Divorce is a major turning point in many people’s lives. The decisions you make during your divorce will affect both of your futures and the future of your family for the rest of their lives. Divorce is also a highly emotional journey and emotions can often drive the legalities in unhelpful directions. There are many different ways to approach divorce and, like any project that you embark on for the first time, it is not easy to know which is the right approach to take, at the outset. Our Divorce Adviser service provides a steer for the whole picture, because the legalities can often be the simplest element but the way one approaches divorce can complicate matters, significantly.
The Competition and Markets Authority published a report on the legal market which tells us that consumers generally don’t know what they are looking for when buying legal services. Our Divorce Adviser service aims to arm you with knowledge about all of the options available to you both and the corresponding costs of each, so that you can make the best choice for your circumstances. The first session can take as long as you require for no extra charge.
There are many different professionals who could help you resolve your matter - barristers, arbitrators, lawyers, collaborative lawyers, McKenzie Friends (family law assistance), mediators, independent social workers and financial advisers who can advise on pensions, business valuations and any other complicated financial arrangements. These could all form a necessary part of the route to your settlement. You could also find yourself dealing with CAFCASS officers or Children's Social Care in Children Act proceedings. It is difficult to know, at the outset, which professionals will work best for you or will need to be involved.
It might be that you have recently exited an extremely emotionally difficult relationship. If this is the case, you might feel that one or both of you could benefit from therapeutic support alongside the process. For some people, gaining insight into their former relationship and learning new ways to communicate and consider their circumstances offers a greater sense of freedom than coming up with a solution to their finances.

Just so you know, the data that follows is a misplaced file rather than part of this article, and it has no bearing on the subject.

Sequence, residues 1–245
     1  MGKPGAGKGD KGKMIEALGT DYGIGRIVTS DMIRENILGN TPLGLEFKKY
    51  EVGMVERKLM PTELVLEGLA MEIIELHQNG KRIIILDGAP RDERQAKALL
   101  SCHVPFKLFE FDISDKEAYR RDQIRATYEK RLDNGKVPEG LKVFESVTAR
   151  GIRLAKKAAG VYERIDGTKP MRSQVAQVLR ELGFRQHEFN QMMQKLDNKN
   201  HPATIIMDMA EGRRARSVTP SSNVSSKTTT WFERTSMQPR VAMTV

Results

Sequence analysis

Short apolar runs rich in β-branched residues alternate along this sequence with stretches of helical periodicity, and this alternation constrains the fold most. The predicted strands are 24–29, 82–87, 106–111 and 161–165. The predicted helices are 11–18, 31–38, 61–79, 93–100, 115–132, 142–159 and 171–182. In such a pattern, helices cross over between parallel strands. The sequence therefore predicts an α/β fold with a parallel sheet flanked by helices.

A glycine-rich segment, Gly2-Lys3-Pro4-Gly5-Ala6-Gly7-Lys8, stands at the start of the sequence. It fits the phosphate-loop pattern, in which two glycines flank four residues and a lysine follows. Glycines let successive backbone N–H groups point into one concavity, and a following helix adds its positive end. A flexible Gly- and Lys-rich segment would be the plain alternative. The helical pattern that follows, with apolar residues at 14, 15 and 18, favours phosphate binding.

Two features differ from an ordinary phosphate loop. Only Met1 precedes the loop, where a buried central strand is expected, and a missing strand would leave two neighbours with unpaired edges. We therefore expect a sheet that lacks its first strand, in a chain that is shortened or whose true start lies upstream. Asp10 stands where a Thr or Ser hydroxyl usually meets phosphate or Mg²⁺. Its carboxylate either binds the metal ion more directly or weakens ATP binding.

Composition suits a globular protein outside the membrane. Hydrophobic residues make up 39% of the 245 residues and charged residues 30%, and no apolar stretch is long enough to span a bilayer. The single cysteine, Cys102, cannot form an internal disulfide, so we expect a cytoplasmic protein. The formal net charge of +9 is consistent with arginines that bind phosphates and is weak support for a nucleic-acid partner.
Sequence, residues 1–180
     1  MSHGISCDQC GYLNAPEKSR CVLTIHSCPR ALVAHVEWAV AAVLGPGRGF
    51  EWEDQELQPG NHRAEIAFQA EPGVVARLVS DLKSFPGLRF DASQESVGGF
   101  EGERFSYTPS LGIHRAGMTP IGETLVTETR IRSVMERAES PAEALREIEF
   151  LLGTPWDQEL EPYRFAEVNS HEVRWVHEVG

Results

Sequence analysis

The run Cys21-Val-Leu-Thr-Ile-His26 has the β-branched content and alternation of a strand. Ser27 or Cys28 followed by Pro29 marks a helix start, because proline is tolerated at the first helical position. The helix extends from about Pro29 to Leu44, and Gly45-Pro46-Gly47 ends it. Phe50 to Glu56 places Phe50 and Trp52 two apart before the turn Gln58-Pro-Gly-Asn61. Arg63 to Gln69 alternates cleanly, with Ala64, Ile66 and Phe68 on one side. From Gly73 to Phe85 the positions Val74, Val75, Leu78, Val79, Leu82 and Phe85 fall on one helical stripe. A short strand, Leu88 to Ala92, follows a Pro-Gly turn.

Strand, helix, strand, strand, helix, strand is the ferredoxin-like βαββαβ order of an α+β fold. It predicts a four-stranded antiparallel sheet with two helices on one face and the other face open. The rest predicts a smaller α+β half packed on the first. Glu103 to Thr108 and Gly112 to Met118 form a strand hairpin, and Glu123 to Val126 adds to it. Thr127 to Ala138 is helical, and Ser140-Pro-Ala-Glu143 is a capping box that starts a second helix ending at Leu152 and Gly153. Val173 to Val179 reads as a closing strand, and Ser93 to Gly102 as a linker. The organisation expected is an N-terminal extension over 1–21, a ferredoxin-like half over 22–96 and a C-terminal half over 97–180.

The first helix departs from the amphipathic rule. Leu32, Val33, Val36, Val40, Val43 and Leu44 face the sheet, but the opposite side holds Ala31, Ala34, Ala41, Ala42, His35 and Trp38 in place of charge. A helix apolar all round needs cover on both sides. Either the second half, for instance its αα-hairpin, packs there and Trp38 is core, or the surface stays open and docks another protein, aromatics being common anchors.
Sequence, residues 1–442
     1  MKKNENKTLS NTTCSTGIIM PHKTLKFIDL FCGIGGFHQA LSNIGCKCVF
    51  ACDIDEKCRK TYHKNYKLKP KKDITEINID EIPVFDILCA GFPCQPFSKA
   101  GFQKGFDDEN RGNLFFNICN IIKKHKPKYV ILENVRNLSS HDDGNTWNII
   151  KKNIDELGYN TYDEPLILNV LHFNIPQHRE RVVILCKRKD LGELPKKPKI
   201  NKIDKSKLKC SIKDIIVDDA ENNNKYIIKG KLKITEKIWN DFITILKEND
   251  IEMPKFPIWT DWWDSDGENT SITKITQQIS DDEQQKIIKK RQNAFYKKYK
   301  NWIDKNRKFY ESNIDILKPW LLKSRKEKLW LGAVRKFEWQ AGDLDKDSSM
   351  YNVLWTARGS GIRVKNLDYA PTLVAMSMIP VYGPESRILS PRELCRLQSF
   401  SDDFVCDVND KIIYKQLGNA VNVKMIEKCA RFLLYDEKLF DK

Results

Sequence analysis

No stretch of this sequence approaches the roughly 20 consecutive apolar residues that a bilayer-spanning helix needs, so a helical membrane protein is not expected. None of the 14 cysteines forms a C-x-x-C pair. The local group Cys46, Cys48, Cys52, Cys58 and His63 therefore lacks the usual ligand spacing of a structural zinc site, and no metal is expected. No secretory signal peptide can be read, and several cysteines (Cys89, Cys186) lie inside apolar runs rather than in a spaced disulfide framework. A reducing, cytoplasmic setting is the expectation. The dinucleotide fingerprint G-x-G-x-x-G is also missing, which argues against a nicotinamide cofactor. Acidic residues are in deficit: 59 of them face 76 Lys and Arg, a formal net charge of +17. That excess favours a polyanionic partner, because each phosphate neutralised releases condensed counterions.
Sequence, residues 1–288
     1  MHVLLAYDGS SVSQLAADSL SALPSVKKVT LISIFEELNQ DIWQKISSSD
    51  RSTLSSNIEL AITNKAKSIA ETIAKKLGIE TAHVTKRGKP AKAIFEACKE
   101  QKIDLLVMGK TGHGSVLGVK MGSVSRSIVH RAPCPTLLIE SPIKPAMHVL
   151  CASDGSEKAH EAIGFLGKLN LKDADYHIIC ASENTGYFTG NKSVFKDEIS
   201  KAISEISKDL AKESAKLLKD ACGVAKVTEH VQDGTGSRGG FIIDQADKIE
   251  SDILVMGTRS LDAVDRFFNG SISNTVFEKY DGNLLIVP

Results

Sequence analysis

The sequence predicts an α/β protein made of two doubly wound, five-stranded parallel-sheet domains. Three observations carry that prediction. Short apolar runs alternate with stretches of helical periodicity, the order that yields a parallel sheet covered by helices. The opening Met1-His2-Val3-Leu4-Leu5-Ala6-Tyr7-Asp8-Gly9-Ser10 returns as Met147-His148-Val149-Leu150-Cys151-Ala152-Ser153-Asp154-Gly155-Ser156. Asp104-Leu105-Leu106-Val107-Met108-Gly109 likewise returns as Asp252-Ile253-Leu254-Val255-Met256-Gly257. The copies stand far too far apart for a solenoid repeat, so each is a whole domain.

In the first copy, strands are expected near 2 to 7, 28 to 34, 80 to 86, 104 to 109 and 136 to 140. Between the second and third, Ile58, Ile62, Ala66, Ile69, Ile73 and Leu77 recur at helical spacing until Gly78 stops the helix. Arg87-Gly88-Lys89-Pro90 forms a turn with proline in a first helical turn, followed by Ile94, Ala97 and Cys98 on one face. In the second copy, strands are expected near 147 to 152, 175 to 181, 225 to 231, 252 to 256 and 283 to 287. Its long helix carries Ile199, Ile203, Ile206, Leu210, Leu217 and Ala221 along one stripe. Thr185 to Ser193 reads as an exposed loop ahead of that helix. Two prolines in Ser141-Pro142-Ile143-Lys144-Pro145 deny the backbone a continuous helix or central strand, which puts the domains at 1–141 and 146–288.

Sometimes the law forms a very small part of the factors for consideration. Each set of circumstances is different and we seek to point you towards the support that would best fit your circumstances. Whilst many professionals can tell you what their role might be, very few will take the time to help you understand all of your options and to consider who would work best with you. These are important decisions and it is no consolation to recognise, only at the end of the process, just what the best course of action would have been.
As you progress towards resolution of your family matters and potentially as your needs change, we are happy to reconsider your options with you at any time.
Mediation is generally the least expensive option as your mediator is legally trained but also is experienced in directing you both towards the optimum agreement for the whole family.
Med-Arb is a combination of mediation and arbitration, whereby a mediator seeks to jointly come up with a settlement that you both agree with, but, in the absence of an agreement on a particular sticky issue, your practitioner can arbitrate that decision for you. You retain as much control of your circumstances as you are both happy to jointly decide and keep a closer handle on your own finances, should you need a third party to make a decision for you.
Even in a complicated case, arbitration, a form of Alternative Dispute Resolution (ADR), can be the quickest, simplest and most cost effective solution to the application of law to your own, personal circumstances and can be better than instructing solicitors and battling it out together.
If you have a complicated set of circumstances but do not envisage going to court, you may find it most cost effective to work with a senior lawyer who might charge more but who will likely grasp the issues more quickly, thus charging you fewer hours. If your case does not seem to present complex issues, you may well be served with a less experienced legal adviser who charges a lower hourly rate and is more accessible.
If you believe you will both require legal support but would be more likely to seek to negotiate together, you might consider collaborative law in which both of you instruct collaboratively trained lawyers to work towards the joint goal of coming up with the best outcomes for everybody. Collaborative law is likely to be less expensive than the more traditional, adversarial negotiation practice, where you would negotiate via solicitors or in a round table meeting with solicitors, who are, each, instructed to advise on each set of individual circumstances only.
If you will be attending court for financial or children matters, it is now an option to instruct your barrister through the Direct Access scheme. Should you need background legal support, it is not necessarily the most cost effective option to instruct an expensive legal representative, as your legal advice, legal argument and presence in court will be covered by your barrister and the background services you require could well involve very little legal advice or argument, but merely legal support services.